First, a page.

I looked at the Aarn packs and worried that there would be too much movement with the front packs when running. Did you have any problems with movement of the front pouches?

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  2. Hi Dan! Just read back over this now looking through your blog. Have used the Salomon 14+3 and can say it's a very handy pack, although definitely not big enough for an RTP multiday. It's adequate for the days in Antarctica though, if you grab a compression sack and minimise the volume of your warm mandatory gear. It's a very versatile and useful bag to have available, though.
    I really liked the UltrAspire Fastpack, though, and it would be perfect except for one fatal error and one easily fixed issue. The minor issue is that the main zip just needs to be a few inches longer for bigger items like sleeping bags and compression sacks stuffed with warm clothes. As it is, there's some real awkwardness involved in accessing and packing such items. The fatal flaw for me was the way the 2 bottles stick out. They were in the exact right spot to catch my arms on the way through and I couldn't correct this by adjusting them. It's an ideal size for going minimal on longer stuff, though, and if they revise it for the 2nd edition I'd play with one again for sure.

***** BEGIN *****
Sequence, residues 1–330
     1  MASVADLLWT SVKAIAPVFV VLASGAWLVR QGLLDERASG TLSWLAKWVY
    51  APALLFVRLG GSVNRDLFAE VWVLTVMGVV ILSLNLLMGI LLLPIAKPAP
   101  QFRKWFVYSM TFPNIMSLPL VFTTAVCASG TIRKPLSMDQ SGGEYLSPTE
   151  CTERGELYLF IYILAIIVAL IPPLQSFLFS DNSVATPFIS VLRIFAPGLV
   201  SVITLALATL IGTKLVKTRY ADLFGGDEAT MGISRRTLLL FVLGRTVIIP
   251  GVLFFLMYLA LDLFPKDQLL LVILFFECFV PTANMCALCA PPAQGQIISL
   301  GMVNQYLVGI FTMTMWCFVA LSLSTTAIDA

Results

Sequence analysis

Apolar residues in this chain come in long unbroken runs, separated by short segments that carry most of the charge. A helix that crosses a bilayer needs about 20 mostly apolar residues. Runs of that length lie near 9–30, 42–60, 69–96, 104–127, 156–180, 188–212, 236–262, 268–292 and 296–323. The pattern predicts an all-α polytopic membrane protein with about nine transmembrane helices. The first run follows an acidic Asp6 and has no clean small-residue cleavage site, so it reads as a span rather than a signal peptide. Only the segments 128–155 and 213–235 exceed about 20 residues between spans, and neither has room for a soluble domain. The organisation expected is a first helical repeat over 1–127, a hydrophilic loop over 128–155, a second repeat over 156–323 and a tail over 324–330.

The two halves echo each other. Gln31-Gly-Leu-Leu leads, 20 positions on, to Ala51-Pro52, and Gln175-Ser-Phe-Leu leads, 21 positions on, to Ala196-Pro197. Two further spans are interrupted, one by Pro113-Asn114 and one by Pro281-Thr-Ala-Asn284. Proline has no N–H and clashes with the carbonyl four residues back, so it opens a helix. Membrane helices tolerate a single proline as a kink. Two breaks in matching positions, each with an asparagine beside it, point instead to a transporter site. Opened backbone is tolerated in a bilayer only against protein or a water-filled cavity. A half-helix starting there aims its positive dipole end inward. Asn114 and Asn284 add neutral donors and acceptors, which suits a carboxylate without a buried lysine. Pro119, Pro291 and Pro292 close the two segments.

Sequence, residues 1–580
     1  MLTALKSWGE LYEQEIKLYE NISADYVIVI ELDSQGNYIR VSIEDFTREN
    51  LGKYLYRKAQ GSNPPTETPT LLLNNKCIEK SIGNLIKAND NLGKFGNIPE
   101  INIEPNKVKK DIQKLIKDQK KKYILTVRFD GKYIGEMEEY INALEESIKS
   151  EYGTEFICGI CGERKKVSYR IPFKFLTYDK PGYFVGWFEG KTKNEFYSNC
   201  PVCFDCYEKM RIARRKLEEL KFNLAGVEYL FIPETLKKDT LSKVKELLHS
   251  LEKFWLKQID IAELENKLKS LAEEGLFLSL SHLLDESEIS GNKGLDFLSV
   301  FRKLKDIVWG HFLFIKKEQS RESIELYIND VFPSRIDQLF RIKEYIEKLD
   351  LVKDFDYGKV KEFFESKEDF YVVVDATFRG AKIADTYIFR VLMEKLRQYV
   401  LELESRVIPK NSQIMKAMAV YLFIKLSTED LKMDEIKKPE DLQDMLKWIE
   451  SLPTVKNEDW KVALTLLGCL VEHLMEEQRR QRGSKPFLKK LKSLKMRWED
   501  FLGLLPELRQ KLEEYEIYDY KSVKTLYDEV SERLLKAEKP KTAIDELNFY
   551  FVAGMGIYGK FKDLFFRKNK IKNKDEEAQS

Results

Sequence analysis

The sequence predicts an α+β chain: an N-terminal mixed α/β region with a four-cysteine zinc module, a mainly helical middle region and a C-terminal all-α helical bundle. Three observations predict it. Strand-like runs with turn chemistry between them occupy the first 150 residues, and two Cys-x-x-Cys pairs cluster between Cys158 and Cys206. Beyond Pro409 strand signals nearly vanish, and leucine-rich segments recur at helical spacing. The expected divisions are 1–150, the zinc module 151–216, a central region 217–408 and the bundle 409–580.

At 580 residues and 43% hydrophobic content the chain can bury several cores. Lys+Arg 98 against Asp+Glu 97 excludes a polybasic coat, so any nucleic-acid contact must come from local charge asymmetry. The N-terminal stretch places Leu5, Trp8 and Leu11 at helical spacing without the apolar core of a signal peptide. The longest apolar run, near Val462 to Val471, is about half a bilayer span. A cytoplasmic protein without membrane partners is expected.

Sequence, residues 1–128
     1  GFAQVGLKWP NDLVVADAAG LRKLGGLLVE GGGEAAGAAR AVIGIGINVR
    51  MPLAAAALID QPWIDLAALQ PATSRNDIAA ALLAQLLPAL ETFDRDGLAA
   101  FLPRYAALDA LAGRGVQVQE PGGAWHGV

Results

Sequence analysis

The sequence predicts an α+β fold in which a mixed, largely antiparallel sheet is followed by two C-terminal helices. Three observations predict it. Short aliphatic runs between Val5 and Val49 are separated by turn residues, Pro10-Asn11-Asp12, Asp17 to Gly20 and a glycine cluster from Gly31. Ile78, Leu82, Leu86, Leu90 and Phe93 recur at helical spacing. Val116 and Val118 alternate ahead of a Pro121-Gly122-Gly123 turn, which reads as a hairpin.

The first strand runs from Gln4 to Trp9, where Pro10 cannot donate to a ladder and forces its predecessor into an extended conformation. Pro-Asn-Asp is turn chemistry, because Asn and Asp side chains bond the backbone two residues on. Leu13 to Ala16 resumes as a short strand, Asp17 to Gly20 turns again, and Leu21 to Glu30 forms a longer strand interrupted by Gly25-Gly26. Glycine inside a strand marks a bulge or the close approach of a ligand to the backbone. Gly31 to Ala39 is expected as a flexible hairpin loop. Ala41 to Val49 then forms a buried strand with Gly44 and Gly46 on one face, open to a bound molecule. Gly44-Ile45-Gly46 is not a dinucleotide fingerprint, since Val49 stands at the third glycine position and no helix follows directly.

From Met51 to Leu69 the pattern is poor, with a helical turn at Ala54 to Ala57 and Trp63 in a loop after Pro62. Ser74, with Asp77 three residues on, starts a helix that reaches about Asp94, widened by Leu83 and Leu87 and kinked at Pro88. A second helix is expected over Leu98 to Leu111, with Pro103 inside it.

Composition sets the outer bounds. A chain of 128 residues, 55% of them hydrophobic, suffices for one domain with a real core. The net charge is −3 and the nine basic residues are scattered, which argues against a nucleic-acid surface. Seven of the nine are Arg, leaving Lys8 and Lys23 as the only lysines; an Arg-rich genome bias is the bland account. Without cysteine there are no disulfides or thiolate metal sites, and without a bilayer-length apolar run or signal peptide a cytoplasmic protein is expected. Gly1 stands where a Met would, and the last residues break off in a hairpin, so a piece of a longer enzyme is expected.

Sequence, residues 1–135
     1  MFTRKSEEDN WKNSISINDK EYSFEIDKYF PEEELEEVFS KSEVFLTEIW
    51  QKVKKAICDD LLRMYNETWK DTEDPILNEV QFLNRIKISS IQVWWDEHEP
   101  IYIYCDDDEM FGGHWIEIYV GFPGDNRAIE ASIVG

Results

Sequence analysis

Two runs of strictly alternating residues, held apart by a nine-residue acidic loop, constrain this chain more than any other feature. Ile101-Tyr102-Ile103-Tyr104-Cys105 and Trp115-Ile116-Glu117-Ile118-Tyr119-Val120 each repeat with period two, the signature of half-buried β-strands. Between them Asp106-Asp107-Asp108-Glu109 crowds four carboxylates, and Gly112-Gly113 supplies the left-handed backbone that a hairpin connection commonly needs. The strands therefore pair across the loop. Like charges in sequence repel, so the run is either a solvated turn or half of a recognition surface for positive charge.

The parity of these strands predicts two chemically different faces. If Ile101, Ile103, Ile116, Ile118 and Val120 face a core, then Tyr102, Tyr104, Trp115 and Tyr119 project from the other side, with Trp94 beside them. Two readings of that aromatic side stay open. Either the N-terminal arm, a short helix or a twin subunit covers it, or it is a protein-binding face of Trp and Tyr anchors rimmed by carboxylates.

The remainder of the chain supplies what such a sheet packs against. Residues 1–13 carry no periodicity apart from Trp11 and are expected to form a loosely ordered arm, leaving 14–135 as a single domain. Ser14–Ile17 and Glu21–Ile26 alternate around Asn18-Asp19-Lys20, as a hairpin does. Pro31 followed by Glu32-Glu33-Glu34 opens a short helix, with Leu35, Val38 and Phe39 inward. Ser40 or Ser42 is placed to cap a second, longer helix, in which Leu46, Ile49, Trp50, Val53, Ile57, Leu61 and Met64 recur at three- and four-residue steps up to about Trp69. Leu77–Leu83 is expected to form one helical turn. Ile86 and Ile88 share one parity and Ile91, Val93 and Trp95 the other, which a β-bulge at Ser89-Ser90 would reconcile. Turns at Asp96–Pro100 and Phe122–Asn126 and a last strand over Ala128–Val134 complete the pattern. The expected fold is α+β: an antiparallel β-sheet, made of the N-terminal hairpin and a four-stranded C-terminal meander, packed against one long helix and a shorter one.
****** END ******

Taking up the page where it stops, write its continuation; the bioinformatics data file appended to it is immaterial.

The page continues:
As far as the Aarn 22 goes, it's a great pack and I'd be happy to review it for you same as Joel and Argi have here if you'd like. Movement was easy enough to minimize. Front access is crucial or me when I run and I think the 22 uniquely balances convenience and efficiency.

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  3. Hi Roger

    Thanks for the feedback and information on a few packs here! You've definitely helped with the guidance on the Salomon 14+3 as I thought it just might be big enough, but clearly it's not. Hopefully UltrAspire will make some updates to the Fastpack to address your issues. I've used some of their other packs and really like them so it'd be great to see a desert / multi-day pack from them.

    I'd love to have your review of the Aarn pack!

    Daniel